There was one notable exception to the struggling Reds offense. On June 14, Rose had a pair of hits against the Chicago Cubs. No one knew it at the time, but it was the start of a streak that would soon get national attention. Before the summer was out, Pete Rose would make a run at one of the game’s most hallowed records–Joe DiMaggio’s legendary 56-game hitting streak from 1941.
In the meantime, the Reds were 49-37 at the All-Star break, and in third place, but still within three games of the lead. The start to the second half went much better. Playing against NL East teams, the Reds went 16-9, including taking five of seven games from eventual NL East champ Philadelphia. Cincinnati was in a dead heat with San Francisco, with Los Angeles now chasing at 2 ½ games back.
Rose’s hitting streak would drive all the way through July. It would reach 44 games and tie the National League record set by Wee Willie Keeler all the way back in 1896. But Pete would fall short of Joe D. On August 1 in Atlanta, he was held hitless. The streak was over.
And through it all, the rest of the Reds struggled after the break. An 11-game road trip to San Diego and Chicago, both mediocre teams, along with a contending one in Pittsburgh, resulted in a 4-7 record. The Reds again slipped three games off the pace. They needed to get back on their feet and an eight-game homestand against the Cardinals, Cubs and Pirates appeared just what the doctor ordered. St. Louis, like Chicago, was not particularly good in 1978.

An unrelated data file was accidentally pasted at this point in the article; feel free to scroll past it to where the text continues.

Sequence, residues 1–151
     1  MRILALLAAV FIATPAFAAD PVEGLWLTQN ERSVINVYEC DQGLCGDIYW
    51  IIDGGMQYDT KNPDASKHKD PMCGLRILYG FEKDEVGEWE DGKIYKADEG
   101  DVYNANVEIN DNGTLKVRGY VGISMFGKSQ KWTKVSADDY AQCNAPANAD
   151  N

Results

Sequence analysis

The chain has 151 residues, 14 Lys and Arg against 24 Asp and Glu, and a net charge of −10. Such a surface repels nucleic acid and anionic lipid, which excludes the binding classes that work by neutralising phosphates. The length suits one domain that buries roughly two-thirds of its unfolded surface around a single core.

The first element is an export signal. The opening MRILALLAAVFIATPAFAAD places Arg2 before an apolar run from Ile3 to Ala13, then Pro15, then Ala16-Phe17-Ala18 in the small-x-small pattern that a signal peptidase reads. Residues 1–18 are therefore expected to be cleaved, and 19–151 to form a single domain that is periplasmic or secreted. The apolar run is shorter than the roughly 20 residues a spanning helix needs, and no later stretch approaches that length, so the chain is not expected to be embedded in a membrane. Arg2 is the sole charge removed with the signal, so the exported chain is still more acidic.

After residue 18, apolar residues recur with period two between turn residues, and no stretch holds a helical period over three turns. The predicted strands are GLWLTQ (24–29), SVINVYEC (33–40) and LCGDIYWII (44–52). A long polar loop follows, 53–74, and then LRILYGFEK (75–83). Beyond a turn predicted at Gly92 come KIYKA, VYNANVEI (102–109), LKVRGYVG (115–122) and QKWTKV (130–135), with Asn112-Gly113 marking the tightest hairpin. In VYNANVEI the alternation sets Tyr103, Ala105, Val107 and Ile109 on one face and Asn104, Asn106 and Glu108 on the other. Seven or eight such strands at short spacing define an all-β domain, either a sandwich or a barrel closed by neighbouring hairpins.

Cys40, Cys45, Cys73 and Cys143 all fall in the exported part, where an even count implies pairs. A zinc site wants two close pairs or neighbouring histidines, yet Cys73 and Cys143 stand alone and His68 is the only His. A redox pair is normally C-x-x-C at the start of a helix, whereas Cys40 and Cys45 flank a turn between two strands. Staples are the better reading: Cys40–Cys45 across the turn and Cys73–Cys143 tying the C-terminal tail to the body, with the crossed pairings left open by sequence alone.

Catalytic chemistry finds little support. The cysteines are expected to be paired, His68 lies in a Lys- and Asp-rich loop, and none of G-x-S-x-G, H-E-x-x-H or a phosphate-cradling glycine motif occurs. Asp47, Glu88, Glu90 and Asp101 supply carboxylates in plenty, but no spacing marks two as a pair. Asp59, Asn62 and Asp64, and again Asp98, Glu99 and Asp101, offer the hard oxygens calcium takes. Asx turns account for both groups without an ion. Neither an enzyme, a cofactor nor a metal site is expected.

The homestand started on Monday, August 21 and Bonham was rocked by the Cardinal offense in a 14-9 loss. Seaver was brilliant the next night and handed a 4-0 lead over to the bullpen in the ninth. Hume coughed it up and the Cards tied the game. Even though the Reds won 5-4 in 11, the victory didn’t inspire confidence.
And it would be their last win of the homestand. Cincinnati lost the finale against St. Louis. The Reds lost the opener to Chicago 5-2, mustering only five hits. The Cincy bullpen blew another game the next night, being given a 4-2 lead in the eighth and losing 8-6. Even Seaver struggled in the finale, although with the Reds only getting four hits in the 7-1 loss, it really didn’t matter.
The offensive woes continued against the Pirates. Cincinnati got just six hits and scored only one run in the two games combined, losing both. By the time this homestand was over, the Reds were seven games out of first place.
They never got back into serious contention. Even though San Francisco also fell hard, Los Angeles pulled away and had the division clinched before the final week began. The Reds swept the Dodgers in that final week and also swept the Braves to finish within 2 ½ games in the final standings. But there was no pennant race drama.
It was still a 92-win season and by the standards of today, Cincinnati would have easily been a playoff team. In fact, they were equal to or better than division champions from Philadelphia and Kansas City.
But the changes came. Rose left via free agency and went to the Phillies. Anderson was fired and resumed his Hall of Fame managerial career in Detroit. For the next three years, it didn’t seem to matter much. Cincinnati bounced back with a surprise division title in 1979. They were a contender in 1980. In 1981, they had the best record in baseball, although the bizarre strike-year format left them out of the playoffs. It wasn’t until 1982 that the Reds collapsed and began a rebuild.
But with Rose and Anderson joining Tony Perez as Big Red Machine cogs that moved on, 1978 was still a seminal moment in the decline of one of the 1970s great baseball teams.